Ginny, as Virginia is referred to, joins a select club of woman CEO's. Indra Nooyi, Indian born, at Pepsico; Ursual Burns, first Afro-American and second woman CEO to head Xerox, Xerox has had two women CEO's in succession with Anne Mulcahy as the first; Ellen Kullman heads the bicentennial giant Du Pont, a first in 200 years of that company's existence. Compared to corporations the supposed guardians of progressive politics, the universities, are slow to move. Princeton got its first woman president, Shirley Tilghman a molecular biologist, in 2001. Harvard appointed Drew Gilpin Faust a Civil War scholar to its presidency in 2007 shattering the proverbial glass ceiling after 350 years.

Sam Palmisano, the outgoing CEO of IBM, is quoted by NYT as rejecting the notion that gender played any role in selecting Rometty. Palmisano was full of praise for Rometty. No nation on earth is free of prejudices and biases that disadvantage sections of the population but how they evolve from it is what differentiates the substantive from the chaff.

The rise of women, by merit, in US is irreversible and marks a progress that is substantive. Drew Gilpin Faust illustrated how women outgrew their traditional roles in the crucible of the civil war in her book "Mother's of invention". When men had to leave for battlefields it was the women who stepped out and filled in the shoes of men. Teaching, seen today as a woman's profession, was out of bounds for women in pre-civil-war era in USA. In the decades after women were assigned to traditional jobs like nursing and teaching. Many other occupations were out of bounds for women. Especially Science and Math. Faust herself faced jeers from male professors as a student. Faust had completed all requisite coursework for her PhD and the work that remained did not need her to be at the university. Newly married Faust asked her professor if she can complete the thesis from remote as she had to accompany her husband. The professor sneered that as woman she was only focused on marriage. When many women won Nobel Prizes in science in 2009 I wrote and emphasized that women started entering top research positions only in the 80's and their researches are only now coming to notice and that this is only a beginning.

The incident in Faust's life illustrates a key difficulty for women. I remember reading an article in Harvard Business Review citing IBM studies that women lose 7 years in their career life due to child bearing and bringing up children. Corporate America has been negligent in this regard. In an age when jobs are being sent across oceans allowing women to work from home where the function can afford it is still in the minority. Corporate America is stuck in the 60's when it comes to workers and work practices.

Corporations are rarely, rather never, given credit for ushering in social change, politicians corner it. IBM has been a leader in ushering in social change. As an employer of hundreds of thousands over decades its policies are an illustration of how Corporations are often painted with the same brush and very unfairly. IBM's President Thomas Watson, in 1953, sent out a letter to his employees that IBM needed the best people irrespective of color. He also sent notices to two southern governors that IBM will NOT have a segregated workplace. Only those who know the race politics of US would appreciate the monumental courage for a company CEO to do that. IBM is rated highly for its support of Gay and Lesbian rights. When Atlanta natives demurred over a function to honor Martin Luther King Jr who had won the Nobel Peace prize Coca Cola threatened to walk out of Atlanta if the city did not honor its most famous son. A note, both IBM and Coca Cola were thrown out of India when Janata Party came to rule, George Fernandes broke coke cans in the streets.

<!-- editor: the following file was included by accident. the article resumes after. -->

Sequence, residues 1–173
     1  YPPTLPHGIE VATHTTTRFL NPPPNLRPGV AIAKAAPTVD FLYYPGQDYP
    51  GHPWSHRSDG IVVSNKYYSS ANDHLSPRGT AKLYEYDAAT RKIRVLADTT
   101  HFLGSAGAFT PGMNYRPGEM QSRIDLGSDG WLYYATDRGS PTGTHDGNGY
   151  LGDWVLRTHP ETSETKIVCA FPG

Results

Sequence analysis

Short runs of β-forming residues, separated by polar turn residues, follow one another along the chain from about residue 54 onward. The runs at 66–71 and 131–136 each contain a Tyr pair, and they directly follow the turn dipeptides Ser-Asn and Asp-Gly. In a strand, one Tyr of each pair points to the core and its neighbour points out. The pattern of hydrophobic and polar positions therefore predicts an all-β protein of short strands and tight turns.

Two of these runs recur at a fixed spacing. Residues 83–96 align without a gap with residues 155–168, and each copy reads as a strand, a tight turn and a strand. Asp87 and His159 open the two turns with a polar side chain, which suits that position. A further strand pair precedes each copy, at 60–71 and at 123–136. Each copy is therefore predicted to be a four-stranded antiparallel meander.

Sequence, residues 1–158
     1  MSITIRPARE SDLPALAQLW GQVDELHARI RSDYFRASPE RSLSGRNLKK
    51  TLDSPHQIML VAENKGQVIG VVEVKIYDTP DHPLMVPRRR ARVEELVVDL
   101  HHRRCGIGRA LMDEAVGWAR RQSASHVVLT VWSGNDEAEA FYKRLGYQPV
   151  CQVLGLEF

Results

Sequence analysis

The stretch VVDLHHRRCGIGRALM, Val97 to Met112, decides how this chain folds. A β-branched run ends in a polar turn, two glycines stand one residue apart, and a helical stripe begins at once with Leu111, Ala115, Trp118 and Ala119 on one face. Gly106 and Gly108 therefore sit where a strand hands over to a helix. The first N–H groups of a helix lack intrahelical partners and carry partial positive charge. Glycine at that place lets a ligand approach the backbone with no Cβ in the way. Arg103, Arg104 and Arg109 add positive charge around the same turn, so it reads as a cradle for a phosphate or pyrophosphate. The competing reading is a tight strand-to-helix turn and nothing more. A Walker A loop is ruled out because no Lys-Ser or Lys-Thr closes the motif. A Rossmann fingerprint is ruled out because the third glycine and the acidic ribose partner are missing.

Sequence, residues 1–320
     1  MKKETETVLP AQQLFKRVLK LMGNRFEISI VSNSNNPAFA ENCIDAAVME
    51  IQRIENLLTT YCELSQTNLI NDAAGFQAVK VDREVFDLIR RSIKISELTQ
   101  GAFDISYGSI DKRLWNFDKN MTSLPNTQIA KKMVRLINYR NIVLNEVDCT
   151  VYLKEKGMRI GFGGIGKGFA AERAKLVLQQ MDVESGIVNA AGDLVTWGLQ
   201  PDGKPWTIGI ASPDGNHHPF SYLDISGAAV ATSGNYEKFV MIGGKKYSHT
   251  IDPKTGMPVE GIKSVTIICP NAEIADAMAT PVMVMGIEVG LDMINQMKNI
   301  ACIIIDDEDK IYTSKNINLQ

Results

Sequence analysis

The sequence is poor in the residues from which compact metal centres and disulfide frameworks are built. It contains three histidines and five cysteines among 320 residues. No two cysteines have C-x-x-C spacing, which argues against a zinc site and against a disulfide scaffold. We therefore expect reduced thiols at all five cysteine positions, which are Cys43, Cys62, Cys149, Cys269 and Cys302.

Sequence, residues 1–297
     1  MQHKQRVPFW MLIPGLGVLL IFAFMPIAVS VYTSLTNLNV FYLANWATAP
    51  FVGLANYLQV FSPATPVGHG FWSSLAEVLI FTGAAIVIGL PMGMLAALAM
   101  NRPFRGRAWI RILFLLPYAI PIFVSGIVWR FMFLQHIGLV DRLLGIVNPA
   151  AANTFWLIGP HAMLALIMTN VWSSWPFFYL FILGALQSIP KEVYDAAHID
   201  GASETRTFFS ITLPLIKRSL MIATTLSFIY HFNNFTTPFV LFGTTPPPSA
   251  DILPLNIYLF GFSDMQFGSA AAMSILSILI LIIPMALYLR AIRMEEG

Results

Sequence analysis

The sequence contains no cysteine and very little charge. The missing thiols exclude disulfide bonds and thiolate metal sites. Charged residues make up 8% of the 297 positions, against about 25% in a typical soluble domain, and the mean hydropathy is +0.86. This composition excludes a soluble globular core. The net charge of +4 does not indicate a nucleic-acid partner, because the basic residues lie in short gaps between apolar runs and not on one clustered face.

When Time magazine chose to highlight whistleblowers for their courage to speak truth to power, not coincidentally all three that were chosen were women. Michael Lewis in his latest bestseller about the crises sweeping Europe, "Boomerang", writes that maybe Wall Street would not have been so reckless if there had been more women at the helm. Testosterone driven men drove Wall Street off the cliff. Michael Lewis, I could say with my tongue in my cheek, has not heard about Jayalalitha or Indira Gandhi and has forgotten Imelda Marcos.

American politics is still chauvinistic. When Hillary Clinton and Barack Obama dueled for the Democratic party nomination a WSJ poll said more Americans were ready for a black president and not yet for a woman president. The poll was taken about a hypothetical without referring to Hillary or Barack. However I am sure people responded with those two in mind and it certainly skewed the results. Hillary is the first woman to 'win' votes in a primary. She gave many a sleepless night to Obama. When Hillary spoke at a rally in New Hampshire two guys stood at the back of the crowd with t-shirts that said "come do my laundry". Obama never faced such a racism at close quarters those such comments surfaced in commentary. Hillary finally lost due to her own mistakes. However today she is the most admired cabinet member of Obama with a Time magazine cover story this week gushing over her work. She is the third woman as Secretary of State.

Many men who swear by gender equality still betray traces of male chauvinism. I've seen this especially amongst Tamil Nadu men, particularly those who dislike Jayalalitha. Jayalalitha's marital status is often fodder for jokes and snide remarks. That she was an actress adds fuel to the fodder. As Elizabeth, the Virgin queen, was mocked for her supposed virgin status so is Jayalalitha mocked.

Hillary Clinton suffered many an unkind remark about her pant suits, her girth, her make up, how she dressed, if she dressed conservatively she was stuffy, if she dressed with an open neck she flaunting cleavage, if her eyes had dark lines she had a bad night dreaming of losing, if she had her makeup perfect perfect she was 'unconnected and distant'. Damned if she did it, damned if she did not.

After Iowa when blacks realized that Obama is not Jesse Jackson and rallied to him in a historic candidacy women refused to do the same for Hillary. Oprah chose race over gender. Hillary plowed on and won 18 million votes in primaries and later referred to it in her concession speech as '18million cracks in the glass ceiling'.

That women of high merit are chosen because of their merit is what makes these breakthroughs as admirable. Drew Faust is a sheer scholar. Rometty is a high achiever. They are not, to be blunt, affirmative action cases or quota cases. In a not too distant future a woman would certainly become the President of USA.